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ARS Home » Midwest Area » Ames, Iowa » National Animal Disease Center » Food Safety and Enteric Pathogens Research » Research » Publications at this Location » Publication #370060

Research Project: Intestinal Microbial Ecology and Metagenomic Strategies to Reduce Antibiotic Resistance and Foodborne Pathogens

Location: Food Safety and Enteric Pathogens Research

Title: Outer membrane protein A (OmpA) of extraintestinal pathogenic Escherichia coli

item NIELSEN, DANIEL - Orise Fellow
item RICKER, NICOLE - Orise Fellow
item BARBIERI, NICOLLE - University Of Georgia
item Allen, Heather
item NOLAN, LISA - University Of Georgia
item LOGUE, CATHERINE - University Of Georgia

Submitted to: BMC Research Notes
Publication Type: Peer Reviewed Journal
Publication Acceptance Date: 1/22/2020
Publication Date: 1/31/2020
Citation: Nielsen, D., Ricker, N., Barbieri, N.L., Allen, H.K., Nolan, L.K., Logue, C.M. 2020. Outer membrane protein A (OmpA) of extraintestinal pathogenic Escherichia coli. BMC Research Notes. 13. Article 51.

Interpretive Summary: Extraintestinal Pathogenic Escherichia coli (ExPEC) are a group of E. coli responsible for disease outside of the gut. ExPEC can be subdivided into different groups by the type of disease that is caused. Neonatal Meningitis Escherichia coli (NMEC) cause bacterial meningitis in newborns, Avian Pathogenic E. coli (APEC) causes disease in birds, and Uropathogenic Escherichia coli (UPEC) is the most common cause of urinary tract infections. Outer membrane protein A is thought to contribute to the ability of NMEC to enter the brain and persist in blood, and the protein has been suggested as a potential target for a vaccine. However, the OmpA protein has differences in its protein sequence, and these differences may result in differences in the function of the protein. We sequenced the ompA gene from APEC, NMEC, and UPEC isolates and translated the gene sequence into protein sequences computationally. Twenty-five different protein sequence patterns were identified. Seven of the twenty-five patterns were statistically significantly associated with an APEC, NMEC, or UPEC subpathotype, but the genetic relatedness of the strains most likely influences this result. The differences in the OmpA protein sequences may be important for examining disease severity or the bird-or-human specificity for APEC, NMEC, and UPEC.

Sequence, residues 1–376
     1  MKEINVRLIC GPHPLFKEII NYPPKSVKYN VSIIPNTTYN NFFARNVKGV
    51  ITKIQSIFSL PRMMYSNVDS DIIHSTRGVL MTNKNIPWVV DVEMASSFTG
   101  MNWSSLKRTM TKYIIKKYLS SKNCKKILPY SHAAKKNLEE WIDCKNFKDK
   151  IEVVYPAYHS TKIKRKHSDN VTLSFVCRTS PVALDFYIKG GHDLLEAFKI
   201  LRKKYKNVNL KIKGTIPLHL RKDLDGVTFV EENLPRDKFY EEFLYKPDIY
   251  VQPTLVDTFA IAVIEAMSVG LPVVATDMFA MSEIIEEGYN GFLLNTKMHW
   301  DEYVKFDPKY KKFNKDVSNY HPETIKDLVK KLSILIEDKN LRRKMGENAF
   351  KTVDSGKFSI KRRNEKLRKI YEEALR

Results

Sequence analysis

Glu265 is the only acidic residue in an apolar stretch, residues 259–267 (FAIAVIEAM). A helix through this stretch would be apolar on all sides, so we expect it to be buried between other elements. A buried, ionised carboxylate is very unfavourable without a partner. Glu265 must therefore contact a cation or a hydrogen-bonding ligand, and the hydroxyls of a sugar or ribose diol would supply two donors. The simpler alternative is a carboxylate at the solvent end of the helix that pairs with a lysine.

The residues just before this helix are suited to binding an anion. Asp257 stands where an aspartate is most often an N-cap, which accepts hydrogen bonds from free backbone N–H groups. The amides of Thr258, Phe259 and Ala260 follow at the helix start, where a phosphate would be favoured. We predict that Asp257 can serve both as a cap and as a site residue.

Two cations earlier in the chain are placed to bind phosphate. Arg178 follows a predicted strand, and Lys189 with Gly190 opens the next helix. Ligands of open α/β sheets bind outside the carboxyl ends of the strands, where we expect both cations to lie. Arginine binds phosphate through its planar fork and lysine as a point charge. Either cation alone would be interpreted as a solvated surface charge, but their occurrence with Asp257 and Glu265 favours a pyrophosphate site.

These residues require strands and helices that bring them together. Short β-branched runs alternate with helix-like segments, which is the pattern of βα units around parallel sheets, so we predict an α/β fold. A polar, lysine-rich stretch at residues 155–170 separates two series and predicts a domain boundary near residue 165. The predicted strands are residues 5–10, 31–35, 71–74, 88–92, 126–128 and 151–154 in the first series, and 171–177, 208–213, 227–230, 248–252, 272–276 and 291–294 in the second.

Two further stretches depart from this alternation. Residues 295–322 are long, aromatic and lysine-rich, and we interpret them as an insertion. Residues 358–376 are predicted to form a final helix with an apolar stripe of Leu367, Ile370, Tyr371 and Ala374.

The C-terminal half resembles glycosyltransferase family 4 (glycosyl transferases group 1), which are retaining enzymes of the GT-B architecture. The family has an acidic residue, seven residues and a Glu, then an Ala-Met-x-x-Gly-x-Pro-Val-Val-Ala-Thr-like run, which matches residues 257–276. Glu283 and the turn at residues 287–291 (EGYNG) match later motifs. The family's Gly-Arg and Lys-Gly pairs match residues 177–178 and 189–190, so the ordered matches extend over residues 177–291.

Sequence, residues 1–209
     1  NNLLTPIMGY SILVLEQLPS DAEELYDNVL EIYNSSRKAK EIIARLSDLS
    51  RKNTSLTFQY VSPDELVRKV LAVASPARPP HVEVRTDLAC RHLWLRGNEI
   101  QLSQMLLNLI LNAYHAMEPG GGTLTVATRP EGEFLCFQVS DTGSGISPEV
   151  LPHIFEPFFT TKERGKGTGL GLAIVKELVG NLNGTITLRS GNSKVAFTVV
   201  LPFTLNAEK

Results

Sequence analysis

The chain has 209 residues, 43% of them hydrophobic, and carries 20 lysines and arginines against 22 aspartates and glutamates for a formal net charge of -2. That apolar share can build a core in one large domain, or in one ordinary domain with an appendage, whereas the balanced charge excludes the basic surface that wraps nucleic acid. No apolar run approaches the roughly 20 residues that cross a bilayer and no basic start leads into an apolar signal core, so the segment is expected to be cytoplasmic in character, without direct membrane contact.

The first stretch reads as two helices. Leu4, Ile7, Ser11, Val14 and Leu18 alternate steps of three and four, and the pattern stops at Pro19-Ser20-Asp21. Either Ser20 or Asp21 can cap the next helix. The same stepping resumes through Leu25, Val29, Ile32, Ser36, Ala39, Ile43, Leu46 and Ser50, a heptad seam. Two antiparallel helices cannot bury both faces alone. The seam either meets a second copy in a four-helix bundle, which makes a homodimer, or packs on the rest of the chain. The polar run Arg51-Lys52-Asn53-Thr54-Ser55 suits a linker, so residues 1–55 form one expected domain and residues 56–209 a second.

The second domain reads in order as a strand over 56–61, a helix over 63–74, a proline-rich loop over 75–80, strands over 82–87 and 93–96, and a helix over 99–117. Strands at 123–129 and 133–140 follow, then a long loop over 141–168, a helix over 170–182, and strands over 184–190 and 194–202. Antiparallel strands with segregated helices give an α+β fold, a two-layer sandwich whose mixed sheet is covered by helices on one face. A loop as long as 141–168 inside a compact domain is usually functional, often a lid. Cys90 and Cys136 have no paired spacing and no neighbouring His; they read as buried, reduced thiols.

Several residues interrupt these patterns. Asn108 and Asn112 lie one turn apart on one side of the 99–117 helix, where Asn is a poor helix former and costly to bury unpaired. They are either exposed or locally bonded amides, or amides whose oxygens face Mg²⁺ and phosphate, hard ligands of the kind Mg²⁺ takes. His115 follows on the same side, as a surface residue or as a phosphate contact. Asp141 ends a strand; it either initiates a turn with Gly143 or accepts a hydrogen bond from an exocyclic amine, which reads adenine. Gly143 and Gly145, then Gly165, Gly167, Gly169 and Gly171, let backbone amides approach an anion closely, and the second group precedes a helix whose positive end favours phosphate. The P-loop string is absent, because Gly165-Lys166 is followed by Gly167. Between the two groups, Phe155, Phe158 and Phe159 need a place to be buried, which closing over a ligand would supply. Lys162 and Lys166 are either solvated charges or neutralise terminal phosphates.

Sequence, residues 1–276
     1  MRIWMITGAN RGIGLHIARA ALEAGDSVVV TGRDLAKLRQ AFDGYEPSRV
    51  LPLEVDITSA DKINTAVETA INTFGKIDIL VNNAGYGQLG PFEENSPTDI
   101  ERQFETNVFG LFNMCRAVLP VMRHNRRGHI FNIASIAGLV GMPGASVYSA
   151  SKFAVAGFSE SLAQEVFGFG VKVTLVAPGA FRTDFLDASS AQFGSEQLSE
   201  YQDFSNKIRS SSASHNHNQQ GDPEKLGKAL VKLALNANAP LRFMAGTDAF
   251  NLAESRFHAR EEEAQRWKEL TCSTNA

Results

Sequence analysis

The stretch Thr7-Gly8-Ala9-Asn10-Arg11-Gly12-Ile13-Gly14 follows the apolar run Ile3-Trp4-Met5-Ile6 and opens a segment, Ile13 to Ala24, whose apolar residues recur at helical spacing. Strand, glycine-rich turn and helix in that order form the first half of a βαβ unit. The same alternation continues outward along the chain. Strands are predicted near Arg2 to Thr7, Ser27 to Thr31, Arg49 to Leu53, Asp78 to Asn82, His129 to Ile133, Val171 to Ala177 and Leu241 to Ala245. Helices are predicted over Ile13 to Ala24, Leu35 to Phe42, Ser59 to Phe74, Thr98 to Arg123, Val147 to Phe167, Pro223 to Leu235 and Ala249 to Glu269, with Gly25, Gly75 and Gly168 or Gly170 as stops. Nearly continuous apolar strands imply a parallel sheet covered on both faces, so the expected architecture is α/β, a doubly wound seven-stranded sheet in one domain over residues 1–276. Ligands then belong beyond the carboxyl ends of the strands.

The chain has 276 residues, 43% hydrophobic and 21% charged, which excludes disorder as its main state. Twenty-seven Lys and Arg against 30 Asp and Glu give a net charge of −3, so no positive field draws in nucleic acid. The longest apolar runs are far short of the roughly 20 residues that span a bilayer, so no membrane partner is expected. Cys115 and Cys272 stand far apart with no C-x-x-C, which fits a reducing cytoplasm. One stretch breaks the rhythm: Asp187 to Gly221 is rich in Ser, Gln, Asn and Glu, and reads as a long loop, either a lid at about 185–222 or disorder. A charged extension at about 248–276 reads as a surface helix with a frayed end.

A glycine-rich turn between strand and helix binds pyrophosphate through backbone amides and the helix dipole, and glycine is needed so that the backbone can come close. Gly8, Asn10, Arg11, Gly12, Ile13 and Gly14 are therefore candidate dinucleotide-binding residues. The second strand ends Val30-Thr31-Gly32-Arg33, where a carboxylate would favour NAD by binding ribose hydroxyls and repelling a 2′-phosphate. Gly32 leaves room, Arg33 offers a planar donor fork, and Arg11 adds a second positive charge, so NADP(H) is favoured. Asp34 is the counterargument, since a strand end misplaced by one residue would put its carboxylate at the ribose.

Technical Abstract: Extraintestinal Pathogenic E. coli (ExPEC), are a pathotype of E. coli responsible for disease in hosts that are extraintestinal in nature. Subpathotypes of ExPEC include Neonatal Meningitis Escherichia coli (NMEC), which is the second-leading cause of neonatal bacterial meningitis, Avian Pathogenic E. coli (APEC), a cause of extraintestinal disease in production poultry worldwide that causes significant loses for the industry, and Uropathogenic E. coli (UPEC), the most common cause of urinary tract infections worldwide. Virulence factors associated with NMEC include outer membrane protein A (OmpA) and the type I fimbriae (FimH), which are also contained within APEC and UPEC. Outer membrane protein A (OmpA) contributes to the ability of Neonatal Meningitis Escherichia coli (NMEC) to cross the blood-brain barrier and to persist in the bloodstream. OmpA has been suggested as a potential vaccine target for ExPEC, but the protein has different amino acid variants, which have the potential to alter the pathogenesis or virulence of strains or alter vaccine efficacy. OmpA is present in virtually all E. coli, but differences in its amino acid residues have yet to be surveyed within the ExPEC subpathotypes. Here, we sequenced the ompA gene (n equals 399) from collections of ExPEC and translated the gene in silico. Twenty-five different OmpA polymorphism patterns were identified. Among the ExPEC collection, seven polymorphism patterns were significantly associated with an ExPEC subpathotype, but chromosomal history most likely accounts for the majority of differences among the subpathotypes. The differences observed in the OmpA protein sequences suggest that this protein may be of interest when assessing variation in virulence and host specificity within the ExPEC subpathotype.